John Muir has been honored extensively, with his name on many sites and institutions, including 28 schools, a college, a number of mountains, several trails, a glacier, a forest, a beach, a medical center, a highway and Muir Woods National Monument, one of the most visited destinations in the Bay Area. But in the time since the Sierra Club issued a nuanced statement in 2020 acknowledging some racist language in his early writings, some have come to believe that Muir’s legacy should be diminished, despite his contributions to the preservation of wilderness and later writings praising native tribes.
According to a ranking from the nonprofit Trust for Public Land, all San Francisco residents live within a 10-minute walk of a park, but residents of neighborhoods where most people identify as people of color have access to 56% less park space per capita than residents in neighborhoods that are predominantly white.
Rents may be falling, but the Bay Area is still unaffordable and has for years fallen short of its housing construction goals. The construction shortfall is particularly pronounced in subsidized housing. While the pandemic is changing the way people work and socialize and has resulted in economic downturn, acquiring land and building remain expensive. Sarah Karlinsky, senior advisor at the San Francisco Bay Area Planning and Urban Research Association, a public policy think tank better known as SPUR, has published a report indicating that Bay Area municipalities should be constructing 45,000 units of housing per year.
Before the COVID-19 pandemic, the demand for space in San Francisco’s office towers seemed insatiable. But with no end to the pandemic in sight and the prospect that many employers will allow their people to continue to work from home after the crisis, it’s possible that at least some of those gleaming office towers will empty out. As they sheltered in place in North Beach, architects Elizabeth Ranieri and Byron Kuth wondered what could be done with all of that vertical real estate.
They looked at two blocks of buildings bounded by Beale, Main, Market and Mission streets where Pacific Gas and Electric is scheduled to move out of one of the largest buildings. Ranieri said they realized that the entire two blocks could become a self-sustaining village.
“This is potentially the building stock that’s needed because it’s quite diverse,” she said. “Everything from the 1970’s tower to the historic buildings on Market Street that would be very well suited for repurposing for housing.
Researchers are hoping to learn whether and how the health of people who live and work near the old Hunters Point Shipyard, which was used as a toxic and radioactive waste dump, may have been affected by toxic materials. Journalist Chris Roberts reported for the Public Press that nearly all participants in a recent community health biomonitoring survey had elevated levels of toxic heavy metals that are “contaminants of concern” at the shipyard.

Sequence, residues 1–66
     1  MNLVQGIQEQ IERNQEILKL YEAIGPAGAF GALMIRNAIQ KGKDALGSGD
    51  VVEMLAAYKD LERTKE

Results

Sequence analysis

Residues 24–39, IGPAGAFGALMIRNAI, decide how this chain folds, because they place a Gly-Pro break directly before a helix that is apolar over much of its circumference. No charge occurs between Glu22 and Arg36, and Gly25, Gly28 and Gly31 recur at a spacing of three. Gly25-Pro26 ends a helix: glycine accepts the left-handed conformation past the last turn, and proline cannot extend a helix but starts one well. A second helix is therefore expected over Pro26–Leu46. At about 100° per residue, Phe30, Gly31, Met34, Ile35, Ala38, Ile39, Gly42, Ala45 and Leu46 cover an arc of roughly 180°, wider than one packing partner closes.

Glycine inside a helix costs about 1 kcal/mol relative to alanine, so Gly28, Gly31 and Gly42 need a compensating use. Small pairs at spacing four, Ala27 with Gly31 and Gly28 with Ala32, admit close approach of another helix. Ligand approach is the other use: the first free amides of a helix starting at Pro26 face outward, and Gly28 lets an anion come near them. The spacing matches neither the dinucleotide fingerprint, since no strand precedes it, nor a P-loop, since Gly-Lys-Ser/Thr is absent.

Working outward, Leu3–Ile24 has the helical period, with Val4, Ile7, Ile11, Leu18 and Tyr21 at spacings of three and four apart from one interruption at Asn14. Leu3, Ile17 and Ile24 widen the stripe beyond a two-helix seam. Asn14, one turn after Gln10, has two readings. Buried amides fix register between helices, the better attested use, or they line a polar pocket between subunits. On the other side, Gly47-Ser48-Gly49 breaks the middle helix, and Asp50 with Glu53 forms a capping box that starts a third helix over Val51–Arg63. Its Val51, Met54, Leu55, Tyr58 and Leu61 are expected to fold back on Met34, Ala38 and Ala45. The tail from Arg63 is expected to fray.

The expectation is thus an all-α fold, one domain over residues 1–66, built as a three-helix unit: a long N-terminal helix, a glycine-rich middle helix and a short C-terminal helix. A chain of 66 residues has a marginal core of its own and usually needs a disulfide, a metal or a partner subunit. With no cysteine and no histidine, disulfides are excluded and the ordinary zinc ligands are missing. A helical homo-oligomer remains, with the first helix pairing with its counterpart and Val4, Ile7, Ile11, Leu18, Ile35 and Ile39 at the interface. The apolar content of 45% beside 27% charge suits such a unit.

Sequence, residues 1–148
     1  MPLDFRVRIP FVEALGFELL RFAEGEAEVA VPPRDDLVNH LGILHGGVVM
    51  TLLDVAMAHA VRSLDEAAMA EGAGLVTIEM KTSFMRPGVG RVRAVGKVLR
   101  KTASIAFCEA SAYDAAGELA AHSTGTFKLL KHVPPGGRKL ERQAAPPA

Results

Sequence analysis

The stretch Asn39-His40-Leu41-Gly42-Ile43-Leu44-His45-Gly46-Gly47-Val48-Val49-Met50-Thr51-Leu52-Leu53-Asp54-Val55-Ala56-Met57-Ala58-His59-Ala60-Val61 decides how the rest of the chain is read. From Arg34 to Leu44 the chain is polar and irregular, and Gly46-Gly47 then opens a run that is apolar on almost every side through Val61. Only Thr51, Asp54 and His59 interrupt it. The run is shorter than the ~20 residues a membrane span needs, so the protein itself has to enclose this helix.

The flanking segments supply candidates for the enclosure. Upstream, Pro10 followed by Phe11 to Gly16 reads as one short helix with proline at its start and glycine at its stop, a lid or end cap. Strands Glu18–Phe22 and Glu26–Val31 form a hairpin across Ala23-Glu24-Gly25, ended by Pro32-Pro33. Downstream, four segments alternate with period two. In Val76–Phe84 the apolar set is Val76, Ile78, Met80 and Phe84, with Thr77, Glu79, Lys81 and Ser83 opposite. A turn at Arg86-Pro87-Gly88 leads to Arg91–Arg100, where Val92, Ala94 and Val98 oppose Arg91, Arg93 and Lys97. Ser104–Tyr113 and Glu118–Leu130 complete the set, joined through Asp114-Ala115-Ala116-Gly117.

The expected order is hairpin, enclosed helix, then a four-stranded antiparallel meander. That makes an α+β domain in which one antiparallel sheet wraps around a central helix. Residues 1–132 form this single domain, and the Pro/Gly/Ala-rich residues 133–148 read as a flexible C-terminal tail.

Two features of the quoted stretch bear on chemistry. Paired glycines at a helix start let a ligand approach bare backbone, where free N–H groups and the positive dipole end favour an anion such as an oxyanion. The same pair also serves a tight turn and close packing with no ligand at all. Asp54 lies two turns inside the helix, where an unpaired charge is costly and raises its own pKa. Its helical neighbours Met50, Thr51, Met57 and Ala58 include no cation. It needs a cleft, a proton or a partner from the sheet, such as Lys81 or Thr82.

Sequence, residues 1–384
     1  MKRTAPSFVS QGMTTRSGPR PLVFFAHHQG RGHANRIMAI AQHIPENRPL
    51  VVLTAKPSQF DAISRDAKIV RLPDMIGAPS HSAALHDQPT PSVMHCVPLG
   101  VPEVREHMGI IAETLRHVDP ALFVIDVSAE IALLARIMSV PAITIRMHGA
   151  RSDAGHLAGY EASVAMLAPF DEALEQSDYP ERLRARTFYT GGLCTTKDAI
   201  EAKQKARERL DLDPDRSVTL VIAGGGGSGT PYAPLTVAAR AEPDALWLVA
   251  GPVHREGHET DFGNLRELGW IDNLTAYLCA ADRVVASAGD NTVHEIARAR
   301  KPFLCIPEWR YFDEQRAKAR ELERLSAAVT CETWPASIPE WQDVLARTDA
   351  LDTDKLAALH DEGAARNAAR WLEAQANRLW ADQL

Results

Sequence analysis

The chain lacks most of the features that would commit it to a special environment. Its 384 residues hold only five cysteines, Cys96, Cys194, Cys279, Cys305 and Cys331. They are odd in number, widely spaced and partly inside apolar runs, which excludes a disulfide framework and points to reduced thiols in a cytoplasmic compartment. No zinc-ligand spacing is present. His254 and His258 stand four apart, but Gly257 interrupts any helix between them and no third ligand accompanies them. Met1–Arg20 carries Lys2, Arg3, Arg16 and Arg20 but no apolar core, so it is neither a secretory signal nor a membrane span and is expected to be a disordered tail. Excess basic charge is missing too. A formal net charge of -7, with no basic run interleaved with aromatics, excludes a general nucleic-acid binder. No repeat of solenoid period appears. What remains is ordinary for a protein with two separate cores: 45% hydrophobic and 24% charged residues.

Soup kitchens and homeless service centers are pushing San Francisco officials to shut down a Tenderloin street to through traffic so their clients can maintain social distance from one another as lines wrap around the block and tent dwellers crowd the sidewalks.
Facilities Construction at Public Schools — Proposition 13 would authorize a $15 billion state bond measure to provide matching funding to districts for renovation and construction of facilities. $9 billion are slated for K-12 schools, and $6 billion for public higher education institutions. The measure prioritizes districts that have health and safety needs, like lead in their water, or that are too small to raise adequate funds through taxes.
Decades of explicitly and implicitly racist policies have left the Bay Area not just unaffordable, but also deeply segregated, panelists told a conference in San Francisco last week.
The documentary “5 Blocks,” by Robert Cortlandt and Dan Goldes, explores the history, economic downturn and efforts to revitalize San Francisco’s mid-Market Street neighborhood, an area whose focal point is just five blocks. Goldes discusses what he learned in his conversations with neighborhood residents from different backgrounds, including an SRO dweller and a tech worker. “I think the thing that I found most striking was that, despite the fact that there is extreme poverty and extreme wealth, side by side, a lot of folks really want the same things … a safer, cleaner neighborhood.” — Dan Goldes, “5 Blocks” filmmaker
An excerpt from the book, “Ten Years That Shook the City: San Francisco 1968-1978” — about how so-called urban renewal displaced African Americans from their enclave in the city.